In the old pirate movies, there would always be a point when the hero and the villain faced-off against one another with swords. They would duel with one another if you will. First, the hero would seem to be winning and then the villain, usually through some foul trick, would get the hero against the ropes. Finally, with some slick move or simply a faster blade, the hero would make the killing stroke to send the villain to his doom.
This is all complete fantasy; real fights in the age of piracy didn't happen anything at all like this. In order to learn about the true art of pirate sword fighting, we must study three things - pirate swords, pirate crewmen, and pirate techniques.
The most common type of sword associated with pirates, privateers, smugglers, and their ilk is the cutlass. The cutlass is a sword with a short, curved blade that's sharpened on one edge and at the point. It could be used as a thrusting weapon, but it was most often employed in slashing attacks. Additionally, a cutlass has a heavy blade making it excellent for chopping through dense jungle, cutting away the ropes on a broken spar, or killing troublesome foes; it was a tool as much as a weapon. While other swords of the time period, such as the rapier and the court sword, were used by some individuals, they weren't nearly as common as the cutlass.
The men who became crew members on pirate ships were tough sailors who were looking for a better life. Whether they were recruited in a shady tavern in the Caribbean, volunteered to leave a captured merchant ship's crew, or were originally victims of a press gang, pirates were usually tough men from the lower social classes. These weren't men of leisure; they worked hard to support themselves and their families. They would've had neither the time nor the money for private lessons from a sword master or to attend a school of arms. Sword fighting and practicing it were done by military men and by those of financial means who wished to pursue such skills. Certainly, there were pirate captains and perhaps officers who had seen service in the military and/or had come from wealthy families, but surely these men were more rare than common on board a pirate ship.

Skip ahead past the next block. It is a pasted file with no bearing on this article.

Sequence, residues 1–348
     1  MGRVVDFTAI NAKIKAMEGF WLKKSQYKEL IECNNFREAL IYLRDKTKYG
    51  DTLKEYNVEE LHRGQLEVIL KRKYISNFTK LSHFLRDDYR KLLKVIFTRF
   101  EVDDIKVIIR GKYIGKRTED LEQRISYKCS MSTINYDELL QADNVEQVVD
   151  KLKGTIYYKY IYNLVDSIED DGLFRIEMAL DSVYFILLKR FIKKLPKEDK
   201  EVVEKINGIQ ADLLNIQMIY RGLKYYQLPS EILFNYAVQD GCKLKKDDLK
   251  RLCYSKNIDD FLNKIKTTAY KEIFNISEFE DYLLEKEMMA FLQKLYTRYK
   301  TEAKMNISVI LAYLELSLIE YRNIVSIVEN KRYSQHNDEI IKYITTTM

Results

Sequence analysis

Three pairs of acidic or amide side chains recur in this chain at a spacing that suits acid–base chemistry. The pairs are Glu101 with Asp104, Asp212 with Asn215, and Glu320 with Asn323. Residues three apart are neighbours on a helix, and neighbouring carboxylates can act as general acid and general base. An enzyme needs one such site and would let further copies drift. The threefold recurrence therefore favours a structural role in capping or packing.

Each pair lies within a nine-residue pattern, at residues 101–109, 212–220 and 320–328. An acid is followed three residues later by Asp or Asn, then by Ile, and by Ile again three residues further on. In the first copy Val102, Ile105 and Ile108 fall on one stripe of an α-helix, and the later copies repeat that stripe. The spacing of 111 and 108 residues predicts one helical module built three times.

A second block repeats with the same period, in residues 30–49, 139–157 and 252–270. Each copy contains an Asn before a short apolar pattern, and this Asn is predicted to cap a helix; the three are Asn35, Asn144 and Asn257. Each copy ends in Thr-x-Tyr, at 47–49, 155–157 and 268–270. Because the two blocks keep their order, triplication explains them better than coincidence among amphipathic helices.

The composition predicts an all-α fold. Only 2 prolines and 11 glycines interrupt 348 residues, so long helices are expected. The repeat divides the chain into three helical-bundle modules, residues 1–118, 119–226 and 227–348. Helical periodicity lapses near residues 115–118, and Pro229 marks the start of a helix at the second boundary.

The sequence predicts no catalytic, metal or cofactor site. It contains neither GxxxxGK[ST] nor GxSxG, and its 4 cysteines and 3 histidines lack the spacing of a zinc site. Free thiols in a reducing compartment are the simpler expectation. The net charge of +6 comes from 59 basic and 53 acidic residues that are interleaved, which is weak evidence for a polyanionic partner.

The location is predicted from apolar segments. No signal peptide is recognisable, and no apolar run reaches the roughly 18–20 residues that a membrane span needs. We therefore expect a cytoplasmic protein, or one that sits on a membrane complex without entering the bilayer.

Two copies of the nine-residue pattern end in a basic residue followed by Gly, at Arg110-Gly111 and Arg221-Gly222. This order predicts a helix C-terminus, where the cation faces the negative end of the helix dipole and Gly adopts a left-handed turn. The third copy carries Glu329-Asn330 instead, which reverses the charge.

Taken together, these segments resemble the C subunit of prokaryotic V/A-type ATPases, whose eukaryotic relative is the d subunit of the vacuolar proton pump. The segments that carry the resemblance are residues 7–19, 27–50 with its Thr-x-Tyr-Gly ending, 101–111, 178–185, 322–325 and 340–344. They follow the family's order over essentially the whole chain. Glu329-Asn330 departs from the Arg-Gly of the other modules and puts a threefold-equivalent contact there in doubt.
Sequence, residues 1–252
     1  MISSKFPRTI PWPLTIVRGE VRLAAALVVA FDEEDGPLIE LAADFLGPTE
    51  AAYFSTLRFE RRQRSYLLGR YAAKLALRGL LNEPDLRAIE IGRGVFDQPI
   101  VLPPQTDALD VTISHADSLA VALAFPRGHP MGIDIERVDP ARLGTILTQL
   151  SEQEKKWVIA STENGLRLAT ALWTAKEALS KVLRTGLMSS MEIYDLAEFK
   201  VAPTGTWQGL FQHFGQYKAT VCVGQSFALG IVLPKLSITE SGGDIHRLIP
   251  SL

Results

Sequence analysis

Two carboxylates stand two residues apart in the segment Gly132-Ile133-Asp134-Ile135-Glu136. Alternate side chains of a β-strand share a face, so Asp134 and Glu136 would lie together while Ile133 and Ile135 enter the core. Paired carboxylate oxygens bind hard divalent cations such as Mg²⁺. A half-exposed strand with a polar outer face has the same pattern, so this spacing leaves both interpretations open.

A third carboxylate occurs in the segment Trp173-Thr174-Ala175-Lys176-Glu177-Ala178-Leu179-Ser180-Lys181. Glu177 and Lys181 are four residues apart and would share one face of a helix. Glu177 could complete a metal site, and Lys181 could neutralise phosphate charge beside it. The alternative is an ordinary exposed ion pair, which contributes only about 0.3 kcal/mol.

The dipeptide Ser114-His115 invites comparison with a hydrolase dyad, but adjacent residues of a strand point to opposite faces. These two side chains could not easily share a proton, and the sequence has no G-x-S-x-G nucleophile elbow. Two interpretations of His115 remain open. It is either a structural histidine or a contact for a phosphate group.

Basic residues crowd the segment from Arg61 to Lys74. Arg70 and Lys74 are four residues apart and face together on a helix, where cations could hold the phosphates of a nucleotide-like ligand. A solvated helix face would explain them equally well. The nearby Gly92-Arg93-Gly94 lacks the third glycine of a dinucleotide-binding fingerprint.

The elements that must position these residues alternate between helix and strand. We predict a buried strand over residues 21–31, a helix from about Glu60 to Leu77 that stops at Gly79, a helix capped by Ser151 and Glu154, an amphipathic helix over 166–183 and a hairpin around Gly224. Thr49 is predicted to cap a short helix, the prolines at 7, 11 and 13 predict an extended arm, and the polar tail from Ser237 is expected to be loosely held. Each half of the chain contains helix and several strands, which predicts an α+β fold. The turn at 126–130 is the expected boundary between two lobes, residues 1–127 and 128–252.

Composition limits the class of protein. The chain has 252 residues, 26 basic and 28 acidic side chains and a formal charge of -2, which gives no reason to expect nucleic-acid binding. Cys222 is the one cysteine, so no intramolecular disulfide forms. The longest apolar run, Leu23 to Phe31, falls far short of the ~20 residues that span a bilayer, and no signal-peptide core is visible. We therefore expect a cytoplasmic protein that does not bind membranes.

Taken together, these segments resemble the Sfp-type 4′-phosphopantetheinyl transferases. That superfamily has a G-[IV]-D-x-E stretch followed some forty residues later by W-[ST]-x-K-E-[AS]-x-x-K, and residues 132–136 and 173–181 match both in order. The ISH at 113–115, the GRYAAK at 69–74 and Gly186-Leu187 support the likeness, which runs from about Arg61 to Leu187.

Pirates are people who would launch attacks and rob ships at sea. Pirates, like most other robbers, sought to take their prizes without fighting. The most common technique used by pirates was to approach a merchant ship flying a friendly flag and then when nearly upon the ship, changing to the skull and crossbones or black flag to show their true intentions. The black flag was a sign to the captain and crew of the merchant ship that everyone on board would be spared if the merchant captain lowered his sails, dropped anchor, and allowed the pirates to take what they wanted from his ship. The black flag was usually only displayed for a limited time, if the merchant captain took too long to surrender his ship (or showed defiance); then the pirates would raise a red flag indicating that when they took the ship, they would leave no survivors. Fighting on-board a ship was a messy, close-quarters affair. Punching one target in the face with the cup hilt of the cutlass while short-thrusting its point into the throat of another opponent was likely common when murderous pirates fought simple merchant sailors in those harsh times.
When you look back at a pirate’s life, it was one of many travels, fighting, and staying alive on the open seas.